From our experience, when people are in full-time employment, they stop networking. They become so busy that they forget how important it is. But this is the time where you are at the centre of all your contacts, with the added advantage of having a job. You never know what you can give to someone else or what someone else can give to you. This may not necessarily be employment but it could be new ideas, openings or further connections. With the increase of automation, human connections and people skills are more precious than ever. Improve your network through personal interactions, not by increasing the numbers on your LinkedIn profile with people you’ve never met. Keep using the tools we discussed in Part Two, to keep constructing open and honest conversations.
Building a network is like building air miles. You never know where you’re going to use them but it’s fantastic to have them.
When the possibility of not having a job emerges, you then realise how important networking is! Networking can seem an uncomfortable prospect if you have neglected it for some time, so always make an effort to – you never know when your network will be of use. Whatever area you work in, there are always local professional organisations putting on events for this very purpose. Be proactive and build this behaviour into your working life.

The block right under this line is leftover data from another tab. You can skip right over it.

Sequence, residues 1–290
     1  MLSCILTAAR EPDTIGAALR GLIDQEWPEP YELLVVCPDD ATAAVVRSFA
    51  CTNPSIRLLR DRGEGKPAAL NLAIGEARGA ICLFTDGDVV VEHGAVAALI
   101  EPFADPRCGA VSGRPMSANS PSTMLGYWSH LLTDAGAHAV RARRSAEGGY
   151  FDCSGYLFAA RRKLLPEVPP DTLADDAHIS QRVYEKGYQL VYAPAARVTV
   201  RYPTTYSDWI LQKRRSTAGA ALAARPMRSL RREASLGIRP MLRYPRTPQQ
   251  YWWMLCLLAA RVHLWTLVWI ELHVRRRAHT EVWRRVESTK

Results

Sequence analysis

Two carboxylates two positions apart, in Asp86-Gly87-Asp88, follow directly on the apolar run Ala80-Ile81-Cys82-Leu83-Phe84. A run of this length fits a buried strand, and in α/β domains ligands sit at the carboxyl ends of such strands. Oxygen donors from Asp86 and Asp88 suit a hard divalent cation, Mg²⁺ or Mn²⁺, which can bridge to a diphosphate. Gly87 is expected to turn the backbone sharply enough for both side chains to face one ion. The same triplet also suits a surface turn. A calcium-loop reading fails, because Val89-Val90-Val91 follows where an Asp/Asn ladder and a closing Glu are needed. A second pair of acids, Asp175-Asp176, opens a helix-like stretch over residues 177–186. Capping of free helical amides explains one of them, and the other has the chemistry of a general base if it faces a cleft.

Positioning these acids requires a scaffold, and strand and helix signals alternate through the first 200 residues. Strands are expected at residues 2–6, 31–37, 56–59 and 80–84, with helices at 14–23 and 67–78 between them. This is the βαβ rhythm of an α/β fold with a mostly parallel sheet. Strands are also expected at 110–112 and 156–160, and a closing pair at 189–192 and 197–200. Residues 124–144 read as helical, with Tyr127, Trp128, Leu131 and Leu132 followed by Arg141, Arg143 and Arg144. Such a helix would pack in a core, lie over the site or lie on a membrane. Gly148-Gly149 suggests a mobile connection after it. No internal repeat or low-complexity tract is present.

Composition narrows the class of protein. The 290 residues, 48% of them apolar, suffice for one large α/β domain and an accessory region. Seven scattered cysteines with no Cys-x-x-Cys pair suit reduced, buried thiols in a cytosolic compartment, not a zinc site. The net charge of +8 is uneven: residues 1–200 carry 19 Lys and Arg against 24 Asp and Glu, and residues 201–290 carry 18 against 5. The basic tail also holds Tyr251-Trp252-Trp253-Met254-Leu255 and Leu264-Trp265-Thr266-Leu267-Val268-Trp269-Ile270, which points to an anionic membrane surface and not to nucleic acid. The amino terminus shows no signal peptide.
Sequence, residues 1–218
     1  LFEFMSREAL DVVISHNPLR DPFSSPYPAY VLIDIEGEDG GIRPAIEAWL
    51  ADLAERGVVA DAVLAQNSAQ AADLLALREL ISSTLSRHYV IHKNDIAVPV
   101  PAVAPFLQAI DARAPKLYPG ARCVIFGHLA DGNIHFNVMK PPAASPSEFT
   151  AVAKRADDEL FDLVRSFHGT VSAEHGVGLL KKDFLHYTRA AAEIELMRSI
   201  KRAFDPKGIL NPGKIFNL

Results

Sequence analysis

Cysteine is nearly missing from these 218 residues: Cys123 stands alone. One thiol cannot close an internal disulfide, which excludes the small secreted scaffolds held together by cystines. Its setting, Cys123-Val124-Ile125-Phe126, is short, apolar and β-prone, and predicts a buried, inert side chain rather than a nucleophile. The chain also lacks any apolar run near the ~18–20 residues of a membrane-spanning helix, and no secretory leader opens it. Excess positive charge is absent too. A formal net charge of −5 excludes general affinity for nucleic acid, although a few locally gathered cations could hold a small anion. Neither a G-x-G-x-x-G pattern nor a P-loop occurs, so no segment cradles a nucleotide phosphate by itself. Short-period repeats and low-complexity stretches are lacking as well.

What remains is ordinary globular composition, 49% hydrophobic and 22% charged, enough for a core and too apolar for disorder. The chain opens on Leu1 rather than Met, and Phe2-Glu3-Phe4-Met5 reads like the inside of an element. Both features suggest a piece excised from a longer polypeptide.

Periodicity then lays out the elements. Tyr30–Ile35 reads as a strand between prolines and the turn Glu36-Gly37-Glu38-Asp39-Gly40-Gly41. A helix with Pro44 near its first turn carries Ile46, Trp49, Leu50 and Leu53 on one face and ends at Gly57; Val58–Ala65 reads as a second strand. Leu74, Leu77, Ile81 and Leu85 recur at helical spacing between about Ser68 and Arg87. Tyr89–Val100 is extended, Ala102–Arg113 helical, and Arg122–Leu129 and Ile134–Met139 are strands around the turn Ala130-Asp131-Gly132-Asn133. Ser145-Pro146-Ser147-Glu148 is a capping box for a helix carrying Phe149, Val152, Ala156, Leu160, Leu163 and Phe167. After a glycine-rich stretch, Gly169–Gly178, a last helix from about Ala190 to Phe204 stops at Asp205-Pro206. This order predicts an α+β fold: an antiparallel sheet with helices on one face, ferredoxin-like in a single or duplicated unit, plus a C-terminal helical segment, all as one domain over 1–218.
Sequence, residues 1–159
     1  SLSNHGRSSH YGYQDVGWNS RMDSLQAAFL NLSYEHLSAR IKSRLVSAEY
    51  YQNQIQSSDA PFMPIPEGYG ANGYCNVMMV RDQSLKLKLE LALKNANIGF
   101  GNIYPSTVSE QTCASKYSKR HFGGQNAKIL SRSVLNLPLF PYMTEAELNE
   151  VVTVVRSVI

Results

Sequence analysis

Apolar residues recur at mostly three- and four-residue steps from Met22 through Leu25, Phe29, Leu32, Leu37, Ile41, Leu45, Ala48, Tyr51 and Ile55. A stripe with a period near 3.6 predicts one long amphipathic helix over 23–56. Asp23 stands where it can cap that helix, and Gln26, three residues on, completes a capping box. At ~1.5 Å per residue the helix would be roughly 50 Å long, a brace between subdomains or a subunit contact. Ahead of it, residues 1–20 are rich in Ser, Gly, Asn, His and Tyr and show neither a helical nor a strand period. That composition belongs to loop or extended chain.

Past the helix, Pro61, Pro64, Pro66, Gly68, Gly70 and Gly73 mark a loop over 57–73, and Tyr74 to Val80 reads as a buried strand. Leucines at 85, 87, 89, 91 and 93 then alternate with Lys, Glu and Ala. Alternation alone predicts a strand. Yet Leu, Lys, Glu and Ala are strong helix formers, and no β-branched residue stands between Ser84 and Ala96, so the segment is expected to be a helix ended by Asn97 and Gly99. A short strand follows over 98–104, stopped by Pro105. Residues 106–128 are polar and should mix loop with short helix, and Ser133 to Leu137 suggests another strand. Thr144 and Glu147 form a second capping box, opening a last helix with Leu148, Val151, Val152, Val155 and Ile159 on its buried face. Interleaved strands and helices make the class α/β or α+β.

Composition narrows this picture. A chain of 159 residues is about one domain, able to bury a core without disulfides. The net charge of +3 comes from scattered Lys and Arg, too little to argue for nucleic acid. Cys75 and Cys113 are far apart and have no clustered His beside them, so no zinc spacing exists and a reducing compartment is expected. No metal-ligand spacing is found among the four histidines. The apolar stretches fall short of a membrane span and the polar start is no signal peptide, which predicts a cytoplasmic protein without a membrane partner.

Going the extra mile:
Employers value individuals who add value to others and this is particularly important to take advantage of early on in your career. When you have the time to do it, volunteering work can supplement your CV perfectly. The more senior you are, the less time you think you have, so the idea of ‘giving back’ is pushed back to after retirement. As a more experienced leader, offering time to a charity or projects demonstrates an invaluable sense of altruism. A colleague of ours, Maggie Matthews, has consistently volunteered throughout her working life. The knowledge she’s gained through these experiences make her even more well-rounded than she already is.
Be open to putting yourself forward for new experiences; you will never know what it will lead to. In addition to her demanding day job, a colleague of ours also tutors at the Open University. She does it in her own time for her own enjoyment and to give something back to the community. Things like this aren’t mandatory, but she has chosen to build this into her career and it is giving something valuable to her and those around her.
Love of learning:
In Part Two, we discussed the 70:20:10 principle, focussing on learning on the job. This time, we are focussing on the 20% (coaching from your line manager) and the 10% (formal courses). Although it is the 70% that is often overlooked and prioritised by training companies, access to the 20% and 10% is vitally important. Firstly, make sure you are informed about all the formal training and learning opportunities you have access to and participate in as much as you can.